Padmavyuha

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"Chakravyuha" redirects here. For other uses, see Chakravyuha (disambiguation).
A depiction of the Padmavyūha or Chakravyūha formation as a labyrinth.

The Padmavyūha (Sanskrit: पद्मव्यूह) or Chakravyūha (चक्रव्यूह) refers to a Military formation narrated in the Hindu epic Mahabharata.

Background[edit]

The Chakravyūha or Padmavyūha, is a multi-tier defensive formation that looks like a blooming lotus (padma, पद्म) or disc (chakra, चक्र) when viewed from above.[1] The warriors at each interleaving position would be in an increasingly tough position to fight. The formation was used in the battle of Kurukshetra by Dronacharya, who became commander-in-chief of the Kaurava army after the fall of Bhishma Pitamaha.

The various vyūhas (military formations) were studied by the Kauravas and Pandavas alike. Most of them can be beaten using a counter-measure targeted specifically against that formation. It is important to observe that in the form of battle described in Mahabharata, it was important to place the powerful fighters in those positions where they could inflict the maximum damage to the opposing force, or defend their own side.

Abhimanyu and the Chakravyūha[edit]

Intricate rock carvings show, Abhimanyu entering the Chakra vyuha.

The Chakravyūha or Padmavyūha was a special formation (Vyuha), and knowledge of how to penetrate it was limited to only a handful of warriors on the Pandavas' side: namely Abhimanyu, Arjuna, Krishna and Pradyumna, of which only Abhimanyu was present at the most-famous occasion of its use. Because he had never learnt to escape the formation, he was trapped upon entry and fought alone. After Abhimanyu had penetrated the sixth tier of the formation, all the Kauravas' commanders attacked him simultaneously, against the righteous rules of warfare Dharmayuddha, and gradually exhausted and killed him.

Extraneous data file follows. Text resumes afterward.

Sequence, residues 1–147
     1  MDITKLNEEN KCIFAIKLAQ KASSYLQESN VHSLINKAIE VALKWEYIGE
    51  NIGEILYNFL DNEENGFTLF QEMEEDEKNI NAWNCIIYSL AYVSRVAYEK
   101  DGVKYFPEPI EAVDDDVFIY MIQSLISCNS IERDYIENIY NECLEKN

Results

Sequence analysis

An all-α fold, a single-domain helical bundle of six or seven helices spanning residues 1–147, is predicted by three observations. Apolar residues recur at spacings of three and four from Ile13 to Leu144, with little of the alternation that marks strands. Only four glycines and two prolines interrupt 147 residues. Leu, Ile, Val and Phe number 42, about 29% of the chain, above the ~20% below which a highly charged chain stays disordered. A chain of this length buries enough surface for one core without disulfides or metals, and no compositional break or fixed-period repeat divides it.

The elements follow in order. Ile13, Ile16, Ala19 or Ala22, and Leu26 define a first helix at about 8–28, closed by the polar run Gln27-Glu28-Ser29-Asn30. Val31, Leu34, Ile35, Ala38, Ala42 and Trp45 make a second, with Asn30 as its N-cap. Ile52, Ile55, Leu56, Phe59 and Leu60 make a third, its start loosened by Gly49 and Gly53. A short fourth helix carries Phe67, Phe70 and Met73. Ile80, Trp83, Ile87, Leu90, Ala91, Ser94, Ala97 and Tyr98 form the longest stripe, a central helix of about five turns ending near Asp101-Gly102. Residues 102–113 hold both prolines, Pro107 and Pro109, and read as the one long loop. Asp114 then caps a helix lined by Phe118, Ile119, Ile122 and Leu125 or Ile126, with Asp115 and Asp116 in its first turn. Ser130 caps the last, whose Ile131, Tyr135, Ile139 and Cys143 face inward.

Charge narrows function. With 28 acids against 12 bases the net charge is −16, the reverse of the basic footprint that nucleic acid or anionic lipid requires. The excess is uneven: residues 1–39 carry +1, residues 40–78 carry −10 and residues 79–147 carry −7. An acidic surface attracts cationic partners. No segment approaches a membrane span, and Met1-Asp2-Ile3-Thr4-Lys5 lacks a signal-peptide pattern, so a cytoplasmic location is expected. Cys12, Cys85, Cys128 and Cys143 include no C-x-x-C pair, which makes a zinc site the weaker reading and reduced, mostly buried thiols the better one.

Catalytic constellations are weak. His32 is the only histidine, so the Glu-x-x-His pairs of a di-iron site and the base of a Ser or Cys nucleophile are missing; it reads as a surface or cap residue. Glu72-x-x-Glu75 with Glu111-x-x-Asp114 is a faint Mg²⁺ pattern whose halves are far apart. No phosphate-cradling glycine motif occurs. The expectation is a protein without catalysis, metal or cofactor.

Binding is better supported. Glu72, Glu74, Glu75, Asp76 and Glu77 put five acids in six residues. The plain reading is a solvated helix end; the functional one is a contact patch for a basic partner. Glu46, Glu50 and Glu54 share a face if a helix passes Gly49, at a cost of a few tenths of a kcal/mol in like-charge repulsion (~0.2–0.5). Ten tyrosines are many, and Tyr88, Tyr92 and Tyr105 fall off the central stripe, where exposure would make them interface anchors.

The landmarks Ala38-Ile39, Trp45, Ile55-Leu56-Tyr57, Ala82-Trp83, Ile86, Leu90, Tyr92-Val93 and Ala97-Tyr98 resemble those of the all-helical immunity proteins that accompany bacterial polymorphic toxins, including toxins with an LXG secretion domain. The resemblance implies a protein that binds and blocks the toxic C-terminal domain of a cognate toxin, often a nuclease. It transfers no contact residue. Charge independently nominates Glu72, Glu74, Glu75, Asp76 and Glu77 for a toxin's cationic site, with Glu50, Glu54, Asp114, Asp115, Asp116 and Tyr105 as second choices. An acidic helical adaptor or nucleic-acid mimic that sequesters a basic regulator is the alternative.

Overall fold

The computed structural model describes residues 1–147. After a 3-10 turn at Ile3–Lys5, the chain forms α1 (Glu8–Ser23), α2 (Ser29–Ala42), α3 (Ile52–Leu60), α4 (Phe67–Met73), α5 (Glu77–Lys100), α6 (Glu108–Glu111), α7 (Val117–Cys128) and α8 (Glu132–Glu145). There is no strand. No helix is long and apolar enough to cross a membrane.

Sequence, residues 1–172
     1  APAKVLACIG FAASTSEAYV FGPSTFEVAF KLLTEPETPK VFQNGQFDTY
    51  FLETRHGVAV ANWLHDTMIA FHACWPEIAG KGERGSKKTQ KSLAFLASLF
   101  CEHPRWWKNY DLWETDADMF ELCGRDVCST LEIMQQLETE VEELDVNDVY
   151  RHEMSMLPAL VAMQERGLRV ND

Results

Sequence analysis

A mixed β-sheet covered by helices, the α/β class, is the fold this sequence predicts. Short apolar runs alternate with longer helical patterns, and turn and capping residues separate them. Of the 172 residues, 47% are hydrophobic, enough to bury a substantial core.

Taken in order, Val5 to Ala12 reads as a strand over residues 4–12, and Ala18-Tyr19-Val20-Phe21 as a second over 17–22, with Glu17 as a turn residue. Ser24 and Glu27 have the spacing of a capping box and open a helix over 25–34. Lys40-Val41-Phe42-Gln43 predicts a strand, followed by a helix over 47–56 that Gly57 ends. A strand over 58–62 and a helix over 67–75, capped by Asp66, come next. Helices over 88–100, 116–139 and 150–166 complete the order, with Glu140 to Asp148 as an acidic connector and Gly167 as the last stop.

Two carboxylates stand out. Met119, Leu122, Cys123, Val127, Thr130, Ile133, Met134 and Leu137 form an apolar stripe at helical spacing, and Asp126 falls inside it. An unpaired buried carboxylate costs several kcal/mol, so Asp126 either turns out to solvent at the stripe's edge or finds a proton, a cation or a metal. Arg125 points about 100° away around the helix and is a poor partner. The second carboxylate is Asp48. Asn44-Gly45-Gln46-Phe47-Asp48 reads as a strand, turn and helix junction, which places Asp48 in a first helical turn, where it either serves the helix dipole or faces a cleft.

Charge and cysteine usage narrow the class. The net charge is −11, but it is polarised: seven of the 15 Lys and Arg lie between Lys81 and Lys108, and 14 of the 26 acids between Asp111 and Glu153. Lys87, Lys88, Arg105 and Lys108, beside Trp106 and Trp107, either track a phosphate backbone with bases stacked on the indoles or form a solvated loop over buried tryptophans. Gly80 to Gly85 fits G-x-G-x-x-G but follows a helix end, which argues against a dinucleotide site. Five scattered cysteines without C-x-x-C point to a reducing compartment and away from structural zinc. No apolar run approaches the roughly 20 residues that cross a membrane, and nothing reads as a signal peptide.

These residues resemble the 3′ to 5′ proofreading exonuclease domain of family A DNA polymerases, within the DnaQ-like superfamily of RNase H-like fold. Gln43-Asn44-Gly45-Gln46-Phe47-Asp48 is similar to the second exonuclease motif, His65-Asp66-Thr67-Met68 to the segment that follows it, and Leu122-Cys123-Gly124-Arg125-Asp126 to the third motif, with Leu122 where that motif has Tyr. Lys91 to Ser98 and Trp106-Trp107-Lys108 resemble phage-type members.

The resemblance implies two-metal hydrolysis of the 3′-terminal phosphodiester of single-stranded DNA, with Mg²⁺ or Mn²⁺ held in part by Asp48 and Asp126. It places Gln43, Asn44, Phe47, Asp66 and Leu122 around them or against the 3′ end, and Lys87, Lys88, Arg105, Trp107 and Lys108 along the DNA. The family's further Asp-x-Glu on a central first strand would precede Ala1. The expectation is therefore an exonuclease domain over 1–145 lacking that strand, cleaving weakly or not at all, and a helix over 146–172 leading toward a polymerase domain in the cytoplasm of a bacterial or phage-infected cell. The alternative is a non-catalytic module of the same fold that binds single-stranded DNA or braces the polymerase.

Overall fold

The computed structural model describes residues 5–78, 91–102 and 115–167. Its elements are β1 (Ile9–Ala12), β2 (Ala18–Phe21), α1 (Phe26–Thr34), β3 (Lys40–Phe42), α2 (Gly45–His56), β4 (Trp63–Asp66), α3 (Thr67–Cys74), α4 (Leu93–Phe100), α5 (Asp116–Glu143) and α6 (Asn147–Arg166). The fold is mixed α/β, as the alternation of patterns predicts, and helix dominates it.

Alternative versions[edit]

The game of Kabaddi is claimed by some to have originated from the Padmavyūha.[2]

See also[edit]

The Chakravyuh is an offensive military formation that was used by Dronacharya during Mahabharata. As per this military strategy, a specific stationery object or a moving object or person can be captured and surrounded and rendered fully secured during time of military conflict. The pattern is of two soldiers on both sides with other soldiers following them at a distance of three hands, drawing up seven circles and culminating in the end which is the place where the captured person or object is to be kept. In order to make Chakravyuh, the Commander has to identify soldiers who will form this formation. The number of soldiers to be deployed and the size of the Chakravyuh is calculated as per the resistance estimated. Once drawn, the foremost soldiers come on either side of the component to be captured, engage briefly and then move ahead. Their place is taken up by the next soldiers on either side, who again engage the component briefly and then move ahead. In this fashion, a number of soldiers keep on passing the component and keep on moving in a circular pattern. By the time the last bit of soldiers arrive, the component, oblivious of the design is captured within seven tiers of soldier formation surrounding him from all sides. The last soldiers of the formation give the signal of completing the Chakravyuh. On the signal, every soldier who so far has been facing outwards, turn inwards to face the component. It is only then that the captured component realizes his captivity. The Chakravyuh keeps on moving in a spherical order and can easily lead the component away in captivity as well.

Formation of Chakravyuh is never visible from the ground. But anyone from above can easily decipher the movement. It is a hopeless no escape situation for the captive. This is correct on formation of Chakravyuh. This strategy was applied during prehistoric days. The component even if heavily guarded, cannot escape the web of a Chakravyuh. The art of breaking out of the Chakravyuh is also available. This strategy can be applied in certain current conflicts as well. This was detailed by Swami Charananandam himself.

References[edit]

  1. ^ Gopal, Madan (1990). K.S. Gautam, ed. India through the ages. Publication Division, Ministry of Information and Broadcasting, Government of India. p. 81. 
  2. ^ "Kabaddi Games". Kabaddi Games. Retrieved 2016-01-21.